Fred said: "A simple distance from hue value and bisect algorithm would probably be a good place to start, though. You could seed the list with RGB and let it do the rest."

This seems to be the first solution that pops into anyone's head when this problem is approached. It was the first thing I thought of as well. It has one serious flaw though.


Seed with R/G/B.
Current reserved colors: R/G/B

Want next best color?
Traverse the color wheel starting at Red and find three largest gaps in the color wheel (between Red and Green, between Green and Blue, between Blue and Red).
Traverse the color wheel again starting at Red and pick the first largest gap available.
Return color in the middle of Red and Green which is Yellow.

Current reserved colors: R/Y/G/B

Want next best color?
Traverse the color wheel starting at Red and find two largest gaps in the color wheel (between Green and Blue, between Blue and Red).
Traverse the color wheel again starting at Red and pick the first largest gap available.
Return color in the middle of Green and Blue which is Cyan.

Current reserved colors: R/Y/G/C/B

Want next best color?
Traverse the color wheel starting at Red and find one largest gap in the color wheel (between Blue and Red).
Traverse the color wheel again starting at Red and pick the first largest gap available.
Return color in the middle of Blue and Red which is Magenta.

Current reserved colors: R/Y/G/C/B/M

So far, so good. Now it starts to get bad...

Want next best color?
Traverse the color wheel starting at Red and find six largest gaps in the color wheel (between each of R/Y/G/C/B/M).
Traverse the color wheel again starting at Red and pick the first largest gap available.
Return color in the middle of Red and Yellow which is Orange.

Current reserved colors: R/O/Y/G/C/B/M

Want next best color?
Traverse the color wheel starting at Red and find five largest gaps in the color wheel (between each of Y/G/C/B/M).
Traverse the color wheel again starting at Red and pick the first largest gap available.
Return color in the middle of Yellow and Green which is Chartreuse.

Current reserved colors: R/O/Y/Ch/G/Cy/B/M

If you noticed (I'm trying to avoid doing this for another round to illustrate the problem), the last two colors returned are Orange and Chartreuse. These colors are WAY closer on the color wheel than some of the other available colors.

If you keep going eventually you get to the point where you're picking tons of shades of red before you even move on to oranges and then yellows and then greens. It gets to a point where you're picking colors that are VERY close to the color you just picked, because you're not jumping around the color wheel... You're traversing it from beginning to end.

Let me know if you want to chat more in IRC on this.

This is the one part of the algorithm I haven't been able to solve.

User avatar (0000968)
Fred (administrator)
2011-12-10 17:43

Although orange and chartreuse are not at all close, I do see your point. The solution has to be to find the set of next best colours and get the distance for each of them to each other and take the one with the highest minimum distance, yes, this will get slow at some point, but this runs so infrequently that it's TOTALLY fine for it to be slow :-)
User avatar (0000969)
Fred (administrator)
2011-12-10 17:44

Or to step around into different zones that are spaced 1/3 away each time, or something like that. In any case, it's definitely solvable, and the first 12 colours will be far enough away from each other to be usable if we do a naive impl up front.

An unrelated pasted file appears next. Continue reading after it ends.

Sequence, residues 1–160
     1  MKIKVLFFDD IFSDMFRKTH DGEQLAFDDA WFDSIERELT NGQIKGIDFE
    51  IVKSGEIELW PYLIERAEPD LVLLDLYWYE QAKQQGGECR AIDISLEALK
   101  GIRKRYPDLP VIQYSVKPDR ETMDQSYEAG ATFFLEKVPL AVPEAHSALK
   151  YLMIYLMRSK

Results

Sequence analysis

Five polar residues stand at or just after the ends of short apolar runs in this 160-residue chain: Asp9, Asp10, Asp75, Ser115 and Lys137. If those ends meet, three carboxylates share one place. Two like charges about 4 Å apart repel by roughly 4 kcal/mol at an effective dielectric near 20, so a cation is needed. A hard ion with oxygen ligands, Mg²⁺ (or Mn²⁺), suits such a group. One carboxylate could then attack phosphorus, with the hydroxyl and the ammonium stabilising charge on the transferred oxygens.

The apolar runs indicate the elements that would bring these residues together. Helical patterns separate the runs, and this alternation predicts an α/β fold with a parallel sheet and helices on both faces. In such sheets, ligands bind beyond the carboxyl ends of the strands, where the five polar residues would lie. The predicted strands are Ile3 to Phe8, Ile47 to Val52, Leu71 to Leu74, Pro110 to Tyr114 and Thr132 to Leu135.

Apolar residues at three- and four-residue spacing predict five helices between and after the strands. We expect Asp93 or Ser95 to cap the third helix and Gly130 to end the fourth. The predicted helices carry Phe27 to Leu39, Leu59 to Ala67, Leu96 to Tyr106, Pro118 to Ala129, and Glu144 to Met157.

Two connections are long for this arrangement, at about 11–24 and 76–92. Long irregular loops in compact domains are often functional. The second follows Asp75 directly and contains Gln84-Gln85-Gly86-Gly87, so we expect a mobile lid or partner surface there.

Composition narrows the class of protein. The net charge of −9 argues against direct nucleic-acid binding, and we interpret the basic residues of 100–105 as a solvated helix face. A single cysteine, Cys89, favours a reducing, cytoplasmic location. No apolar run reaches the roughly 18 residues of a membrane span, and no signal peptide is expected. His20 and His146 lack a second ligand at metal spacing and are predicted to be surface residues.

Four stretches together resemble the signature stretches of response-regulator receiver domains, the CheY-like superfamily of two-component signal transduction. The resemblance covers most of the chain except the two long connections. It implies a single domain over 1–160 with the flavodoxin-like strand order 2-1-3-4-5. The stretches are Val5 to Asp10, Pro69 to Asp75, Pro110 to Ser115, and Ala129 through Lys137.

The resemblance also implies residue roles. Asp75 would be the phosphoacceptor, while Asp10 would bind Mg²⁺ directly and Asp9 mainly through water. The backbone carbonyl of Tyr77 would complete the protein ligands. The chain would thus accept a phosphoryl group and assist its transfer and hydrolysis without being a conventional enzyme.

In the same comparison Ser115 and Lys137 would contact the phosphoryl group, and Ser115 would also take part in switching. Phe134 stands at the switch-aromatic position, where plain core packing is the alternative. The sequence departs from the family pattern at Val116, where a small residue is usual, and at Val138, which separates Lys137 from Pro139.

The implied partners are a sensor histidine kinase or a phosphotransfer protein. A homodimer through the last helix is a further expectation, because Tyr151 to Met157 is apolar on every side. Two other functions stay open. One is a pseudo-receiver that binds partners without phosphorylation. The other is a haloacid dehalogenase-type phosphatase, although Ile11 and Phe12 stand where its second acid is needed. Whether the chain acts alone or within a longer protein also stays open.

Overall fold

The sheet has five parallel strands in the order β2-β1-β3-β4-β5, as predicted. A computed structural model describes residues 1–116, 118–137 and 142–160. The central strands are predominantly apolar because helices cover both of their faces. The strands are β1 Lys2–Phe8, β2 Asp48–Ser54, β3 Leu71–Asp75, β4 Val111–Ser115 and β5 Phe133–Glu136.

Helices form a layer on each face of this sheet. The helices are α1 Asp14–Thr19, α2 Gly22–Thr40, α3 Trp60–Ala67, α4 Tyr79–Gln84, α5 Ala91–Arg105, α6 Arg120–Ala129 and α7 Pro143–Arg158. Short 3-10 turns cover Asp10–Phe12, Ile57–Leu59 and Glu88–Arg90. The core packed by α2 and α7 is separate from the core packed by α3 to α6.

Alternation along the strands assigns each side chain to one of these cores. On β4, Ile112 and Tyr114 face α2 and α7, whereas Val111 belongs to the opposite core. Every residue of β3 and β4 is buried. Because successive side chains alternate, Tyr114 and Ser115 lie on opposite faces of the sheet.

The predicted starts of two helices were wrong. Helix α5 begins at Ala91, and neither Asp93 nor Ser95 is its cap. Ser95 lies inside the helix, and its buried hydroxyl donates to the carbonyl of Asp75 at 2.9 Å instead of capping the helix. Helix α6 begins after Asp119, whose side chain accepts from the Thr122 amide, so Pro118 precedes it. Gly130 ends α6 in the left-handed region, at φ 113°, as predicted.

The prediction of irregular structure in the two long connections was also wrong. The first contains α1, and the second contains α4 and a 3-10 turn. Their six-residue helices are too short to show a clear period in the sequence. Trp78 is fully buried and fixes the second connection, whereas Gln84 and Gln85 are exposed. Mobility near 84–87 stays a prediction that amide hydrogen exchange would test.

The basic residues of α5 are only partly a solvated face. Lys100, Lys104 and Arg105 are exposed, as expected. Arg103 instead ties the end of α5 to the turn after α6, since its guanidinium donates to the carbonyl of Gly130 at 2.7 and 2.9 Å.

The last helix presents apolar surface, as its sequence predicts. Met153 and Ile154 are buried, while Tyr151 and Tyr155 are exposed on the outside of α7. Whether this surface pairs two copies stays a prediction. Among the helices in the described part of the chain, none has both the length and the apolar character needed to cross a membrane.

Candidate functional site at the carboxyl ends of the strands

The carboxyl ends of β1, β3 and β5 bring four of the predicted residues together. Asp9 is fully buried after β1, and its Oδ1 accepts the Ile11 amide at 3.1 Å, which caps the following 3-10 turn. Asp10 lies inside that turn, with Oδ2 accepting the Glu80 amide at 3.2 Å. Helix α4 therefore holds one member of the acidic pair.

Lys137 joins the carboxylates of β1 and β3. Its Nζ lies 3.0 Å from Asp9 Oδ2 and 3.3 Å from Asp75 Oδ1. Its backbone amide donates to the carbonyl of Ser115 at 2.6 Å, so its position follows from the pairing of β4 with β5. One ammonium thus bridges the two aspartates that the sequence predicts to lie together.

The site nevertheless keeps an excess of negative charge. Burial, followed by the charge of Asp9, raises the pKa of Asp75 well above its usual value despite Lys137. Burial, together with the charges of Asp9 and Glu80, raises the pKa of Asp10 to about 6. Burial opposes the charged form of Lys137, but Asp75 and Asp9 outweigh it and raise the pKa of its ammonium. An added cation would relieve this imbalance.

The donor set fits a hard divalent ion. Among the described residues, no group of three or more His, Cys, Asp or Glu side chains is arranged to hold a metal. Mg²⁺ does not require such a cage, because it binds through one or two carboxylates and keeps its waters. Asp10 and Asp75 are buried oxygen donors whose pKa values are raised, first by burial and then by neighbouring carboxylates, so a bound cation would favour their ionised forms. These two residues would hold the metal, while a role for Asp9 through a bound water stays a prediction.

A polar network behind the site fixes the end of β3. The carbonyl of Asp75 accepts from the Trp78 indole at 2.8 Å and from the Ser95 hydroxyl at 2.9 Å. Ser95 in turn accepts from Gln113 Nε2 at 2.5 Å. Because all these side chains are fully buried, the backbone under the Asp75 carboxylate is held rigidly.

User avatar (0000977)
Fred (administrator)
2011-12-11 02:31

http://sorsacode.com/color_wheel/ [^]

A neat little tool that Jammi knocked up earlier. Could be useful for experimentation with schemes.

Code: https://github.com/jammi/colorschemes/tree/master/hsv_palette [^]
User avatar (0001785)
BenFenner (developer)
2012-07-31 22:06

This got moved from target of "0.0.5" to "0.0.3".
User avatar (0001786)
BenFenner (developer)
2012-07-31 22:11
edited on: 2012-07-31 22:39

Some work on this completed in git hash: e04ef844d2373ec7ca3ba6411c2948c9885dcfc0

Default color selection is getting better. Completely new algorithm that actively looks for largest gaps in the color wheel. Everything has been simplified. I've removed an entire file/class/object in the process.

Much more work to come.

User avatar (0001789)
Fred (administrator)
2012-07-31 22:29

MUCH better, I think I may pitch a tent in celebration of the "assign on add" functionality.
User avatar (0001815)
Fred (administrator)
2012-08-06 12:01

I'm SOOOO looking forward to this!!! <3
User avatar (0001822)
BenFenner (developer)
2012-08-06 19:02
edited on: 2012-08-06 19:13

It is funny to read back through the old stuff. It turns out that right now the algorithm works exactly like the "simple" version described above in post #966, with the repetitive issue that comes with that. I have a plan to introduce some jitter/randomness into the color picking to avoid that problem, but for now the simple algorithm will have to do.

The main improvement now is that the colors are not chosen until the graph trace is actually added to the display. And when a graph trace leaves the display, it gives up its color properly for another trace to have if need be.

Colors specifically chosen and saved in the properties don't behave well with this color chooser yet.

The way the colors are added and removed just as the traces are added and removed is not exactly great, but that will get changed later.

Git hash incoming.

User avatar (0001823)
BenFenner (developer)
2012-08-06 19:10

Git hash: 3fac3b3bf540a986b2f0912dea9572fa80052340
User avatar (0001824)
BenFenner (developer)
2012-08-06 19:35
edited on: 2012-08-06 19:36

Some minor tweaks in this git hash: d37a6ad0b7a9d4ccb888c3788cb6153be1d56e88

Use null color instead of gray to denote an unchosen color. Also remove a setColor() method that was never used.

User avatar (0001825)
BenFenner (developer)
2012-08-06 20:33

Git hash: ed37caec79da03f98edf8f4fb8b94983473436e0

Get rid of the stupid Java 1.7 crap.
User avatar (0001826)
Fred (administrator)
2012-08-06 20:47

Tested in ed37caec79da03f98edf8f4fb8b94983473436e0 works great! Near the 10 mark a few similar greens show up, then more visually unique ones after that. I think this is down to the weighting of the distance algo, as some colours are naturally more similar to the eye than others.
User avatar (0001827)
Fred (administrator)
2012-08-06 20:48

If in future we improve it more, we should link to this issue, but create a new one. For now this is fine.